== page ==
Asian Gallery (Toyokan) Room 8
September 30, 2014 (Tue) - December 7, 2014 (Sun)
From long ago, Chinese paintings and calligraphy were brought to Japan in great quantities and had an undeniable influence on Japanese art. Pieces from the Song (960-1279) and Yuan (1271-1368) dynasties in particular became very well known in Japan. Many of them were imported together with Zen Buddhism during the Kamakura period (1192-1333) and displayed in tea houses and formal shoin rooms according to Japanese tastes.
A large number of significant pieces were later accumulated by the shogun Ashikaga Yoshimasa (1436-90). Among these and other Chinese artworks in Japan, many have no surviving equivalents in China, making them particularly valuable. From the Meiji era (1868-1912), outstanding Japanese collectors who adopted the ideals of China’s educated elite also acquired many fine pieces, which were likewise passed down to future generations.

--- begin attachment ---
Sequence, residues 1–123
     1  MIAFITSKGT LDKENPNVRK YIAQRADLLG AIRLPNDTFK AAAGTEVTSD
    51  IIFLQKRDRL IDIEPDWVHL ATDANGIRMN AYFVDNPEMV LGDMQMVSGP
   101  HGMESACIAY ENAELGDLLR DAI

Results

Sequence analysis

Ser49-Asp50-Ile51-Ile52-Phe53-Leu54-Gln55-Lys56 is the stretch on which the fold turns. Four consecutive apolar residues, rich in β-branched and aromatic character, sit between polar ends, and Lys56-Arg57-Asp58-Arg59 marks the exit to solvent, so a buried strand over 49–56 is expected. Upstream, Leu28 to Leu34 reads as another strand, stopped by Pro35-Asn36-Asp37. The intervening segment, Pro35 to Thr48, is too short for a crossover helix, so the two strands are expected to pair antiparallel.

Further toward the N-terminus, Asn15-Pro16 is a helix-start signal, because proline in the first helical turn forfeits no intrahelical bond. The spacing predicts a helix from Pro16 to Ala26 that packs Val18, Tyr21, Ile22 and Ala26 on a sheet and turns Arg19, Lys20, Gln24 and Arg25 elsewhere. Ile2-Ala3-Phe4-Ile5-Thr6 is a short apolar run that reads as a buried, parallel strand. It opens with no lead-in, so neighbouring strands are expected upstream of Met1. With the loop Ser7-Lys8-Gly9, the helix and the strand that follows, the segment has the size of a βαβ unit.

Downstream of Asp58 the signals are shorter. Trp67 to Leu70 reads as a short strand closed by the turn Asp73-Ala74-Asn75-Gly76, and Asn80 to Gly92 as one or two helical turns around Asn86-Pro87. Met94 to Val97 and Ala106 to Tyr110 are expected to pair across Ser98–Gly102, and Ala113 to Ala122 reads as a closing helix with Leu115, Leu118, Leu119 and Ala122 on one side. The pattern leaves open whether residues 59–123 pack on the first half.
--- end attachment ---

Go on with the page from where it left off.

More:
These artworks, which represent the essence of Chinese painting and calligraphy, inevitably become damaged over the years. Significant restorative measures become necessary once every 50 to 100 years, and allow these pieces to survive into the future. One piece that was recently restored is Five Dragons by Chen Rong, who was famous for his depictions of these legendary creatures. Following two years of extensive restoration work, this painting is being displayed for the first time during the first half of this exhibition.
We invite visitors to view paintings and works of calligraphy ranging from the Tang (618-907) to the Qing (1616-1912) dynasties, while keeping in mind the spirit and notable skill of those who allowed them to be passed down to present day.